IUCN threat status:

Endangered (EN)


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Range Description

Rostratula australis has been recorded in wetlands in all states of Australia. It is more common in eastern Australia, where it has been recorded at scattered locations throughout much of Queensland, New South Wales, Victoria and south-eastern South Australia (C. Jones in litt. 2009). The Murray-Darling Basin appears to be a particular stronghold (Thomas et al. 2010). It has been recorded less frequently at a smaller number of more scattered locations farther west in South Australia, the Northern Territory and Western Australia (C. Jones in litt. 2009). However, the relevant importance of northern and southern habitats are still subject to debate (S. Garnett in litt. 2009). The population was previously thought to number 5,000 individuals, though it is now believed highly unlikely that the population exceeds 2,500 and it may number between 1,000 and 1,500 individuals (S. Garnett in litt. 2009). Analysis of data from Birds Australia confirms that the species has been in decline. Although the precise rate is difficult to establish due to different survey methods, the cryptic nature of the species, and the lack of extensive surveys in the arid zone of northern Australia, a population decline of >30% is estimated for the past 26 years (3 generations) (Garnett et al. 2011).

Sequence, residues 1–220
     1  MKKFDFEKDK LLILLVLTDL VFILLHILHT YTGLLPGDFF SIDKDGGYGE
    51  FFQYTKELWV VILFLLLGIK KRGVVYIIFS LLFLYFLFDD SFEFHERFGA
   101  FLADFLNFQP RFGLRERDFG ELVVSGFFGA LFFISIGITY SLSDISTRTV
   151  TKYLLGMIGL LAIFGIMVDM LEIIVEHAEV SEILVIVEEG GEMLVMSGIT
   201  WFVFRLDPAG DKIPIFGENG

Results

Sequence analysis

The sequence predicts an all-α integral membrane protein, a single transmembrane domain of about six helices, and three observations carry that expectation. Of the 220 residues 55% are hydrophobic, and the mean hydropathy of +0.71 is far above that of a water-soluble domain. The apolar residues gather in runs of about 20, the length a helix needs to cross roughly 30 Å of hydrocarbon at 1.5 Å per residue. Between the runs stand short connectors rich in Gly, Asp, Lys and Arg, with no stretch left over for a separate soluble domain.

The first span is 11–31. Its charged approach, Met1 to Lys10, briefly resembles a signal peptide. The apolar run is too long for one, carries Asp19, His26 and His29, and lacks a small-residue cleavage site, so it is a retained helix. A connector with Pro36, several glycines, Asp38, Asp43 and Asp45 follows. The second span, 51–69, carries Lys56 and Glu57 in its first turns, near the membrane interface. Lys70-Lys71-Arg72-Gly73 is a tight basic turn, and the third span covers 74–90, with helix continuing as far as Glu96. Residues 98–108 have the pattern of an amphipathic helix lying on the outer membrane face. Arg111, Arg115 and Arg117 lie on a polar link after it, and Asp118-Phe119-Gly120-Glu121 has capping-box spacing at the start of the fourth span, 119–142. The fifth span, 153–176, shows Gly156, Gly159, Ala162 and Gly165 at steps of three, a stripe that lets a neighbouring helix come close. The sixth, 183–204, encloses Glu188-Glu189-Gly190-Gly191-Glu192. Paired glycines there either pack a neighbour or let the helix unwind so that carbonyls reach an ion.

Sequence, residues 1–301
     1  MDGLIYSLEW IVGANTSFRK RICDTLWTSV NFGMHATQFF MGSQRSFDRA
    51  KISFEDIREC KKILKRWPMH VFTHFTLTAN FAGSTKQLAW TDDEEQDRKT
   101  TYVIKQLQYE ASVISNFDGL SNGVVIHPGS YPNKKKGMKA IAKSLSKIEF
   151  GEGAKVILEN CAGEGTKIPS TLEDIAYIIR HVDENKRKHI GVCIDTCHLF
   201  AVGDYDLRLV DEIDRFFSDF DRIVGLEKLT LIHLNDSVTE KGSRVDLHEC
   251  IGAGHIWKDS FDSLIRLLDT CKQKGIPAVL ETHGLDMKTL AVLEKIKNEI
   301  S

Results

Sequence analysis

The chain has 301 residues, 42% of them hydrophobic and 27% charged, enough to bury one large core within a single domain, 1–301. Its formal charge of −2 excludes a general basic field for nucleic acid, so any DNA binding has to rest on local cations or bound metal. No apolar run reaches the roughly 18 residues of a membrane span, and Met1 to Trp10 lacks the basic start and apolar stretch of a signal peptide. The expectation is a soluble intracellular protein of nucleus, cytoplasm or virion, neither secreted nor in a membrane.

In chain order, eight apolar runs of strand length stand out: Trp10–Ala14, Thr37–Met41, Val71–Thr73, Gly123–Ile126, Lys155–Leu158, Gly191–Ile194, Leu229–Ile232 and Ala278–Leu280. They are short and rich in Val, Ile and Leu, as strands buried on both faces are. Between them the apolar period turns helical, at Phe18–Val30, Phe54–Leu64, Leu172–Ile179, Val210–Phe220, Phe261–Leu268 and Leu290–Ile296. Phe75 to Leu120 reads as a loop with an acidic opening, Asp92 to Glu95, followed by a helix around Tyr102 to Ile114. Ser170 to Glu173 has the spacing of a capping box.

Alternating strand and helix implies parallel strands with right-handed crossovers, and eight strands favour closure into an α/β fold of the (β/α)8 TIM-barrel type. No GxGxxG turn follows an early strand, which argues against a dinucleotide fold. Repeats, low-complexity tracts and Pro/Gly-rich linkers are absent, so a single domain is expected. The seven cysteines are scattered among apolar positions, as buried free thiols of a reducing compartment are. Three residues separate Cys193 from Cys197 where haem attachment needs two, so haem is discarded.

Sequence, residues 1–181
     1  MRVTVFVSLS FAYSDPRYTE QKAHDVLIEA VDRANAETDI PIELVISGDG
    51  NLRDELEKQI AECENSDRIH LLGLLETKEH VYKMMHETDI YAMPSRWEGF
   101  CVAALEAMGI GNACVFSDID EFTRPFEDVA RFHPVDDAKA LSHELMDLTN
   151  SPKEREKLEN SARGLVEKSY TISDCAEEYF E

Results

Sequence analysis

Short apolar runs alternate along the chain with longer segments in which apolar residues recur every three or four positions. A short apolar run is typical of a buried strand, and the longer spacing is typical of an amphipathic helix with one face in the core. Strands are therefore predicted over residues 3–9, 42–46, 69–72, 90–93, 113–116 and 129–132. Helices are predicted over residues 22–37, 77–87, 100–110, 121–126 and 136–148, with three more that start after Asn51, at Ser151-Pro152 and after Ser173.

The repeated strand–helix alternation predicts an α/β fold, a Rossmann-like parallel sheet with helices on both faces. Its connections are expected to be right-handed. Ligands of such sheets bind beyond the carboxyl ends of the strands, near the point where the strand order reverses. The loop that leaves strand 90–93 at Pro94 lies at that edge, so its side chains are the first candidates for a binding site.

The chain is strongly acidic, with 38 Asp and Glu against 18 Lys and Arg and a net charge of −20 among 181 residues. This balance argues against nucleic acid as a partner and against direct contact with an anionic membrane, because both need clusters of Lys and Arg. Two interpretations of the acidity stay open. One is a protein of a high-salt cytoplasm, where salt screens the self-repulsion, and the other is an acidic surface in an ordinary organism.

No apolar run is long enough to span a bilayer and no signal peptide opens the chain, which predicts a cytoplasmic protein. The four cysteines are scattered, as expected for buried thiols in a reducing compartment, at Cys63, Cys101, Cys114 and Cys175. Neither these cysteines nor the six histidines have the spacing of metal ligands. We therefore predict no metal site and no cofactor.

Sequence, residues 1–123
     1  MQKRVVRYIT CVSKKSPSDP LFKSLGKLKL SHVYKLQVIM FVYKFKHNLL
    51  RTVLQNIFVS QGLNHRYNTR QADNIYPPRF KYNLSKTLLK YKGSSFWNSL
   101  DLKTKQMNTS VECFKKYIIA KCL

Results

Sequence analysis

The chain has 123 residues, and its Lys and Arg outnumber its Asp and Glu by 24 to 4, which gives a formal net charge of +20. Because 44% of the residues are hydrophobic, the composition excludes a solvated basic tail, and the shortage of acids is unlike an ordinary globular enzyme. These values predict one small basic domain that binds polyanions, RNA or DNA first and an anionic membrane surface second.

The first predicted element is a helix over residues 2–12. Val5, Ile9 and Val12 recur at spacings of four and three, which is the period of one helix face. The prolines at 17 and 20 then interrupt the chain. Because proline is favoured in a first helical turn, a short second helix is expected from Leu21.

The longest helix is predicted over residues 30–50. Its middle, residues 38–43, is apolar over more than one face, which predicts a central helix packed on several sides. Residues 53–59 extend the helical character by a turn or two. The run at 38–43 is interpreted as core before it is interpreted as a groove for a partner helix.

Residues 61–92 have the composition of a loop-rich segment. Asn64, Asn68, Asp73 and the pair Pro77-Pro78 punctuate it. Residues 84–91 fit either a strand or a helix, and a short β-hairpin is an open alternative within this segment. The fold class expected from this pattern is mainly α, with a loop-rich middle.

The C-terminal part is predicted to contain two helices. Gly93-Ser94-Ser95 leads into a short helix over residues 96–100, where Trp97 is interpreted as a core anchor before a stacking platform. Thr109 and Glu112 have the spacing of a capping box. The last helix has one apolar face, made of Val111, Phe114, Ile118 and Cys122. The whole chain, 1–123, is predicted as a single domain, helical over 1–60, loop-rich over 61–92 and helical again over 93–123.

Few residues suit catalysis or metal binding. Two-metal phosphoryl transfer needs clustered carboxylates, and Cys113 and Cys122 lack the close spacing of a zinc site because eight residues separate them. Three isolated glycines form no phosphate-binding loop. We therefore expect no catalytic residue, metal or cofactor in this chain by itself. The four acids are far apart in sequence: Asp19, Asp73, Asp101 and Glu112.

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© International Union for Conservation of Nature and Natural Resources

Source: IUCN


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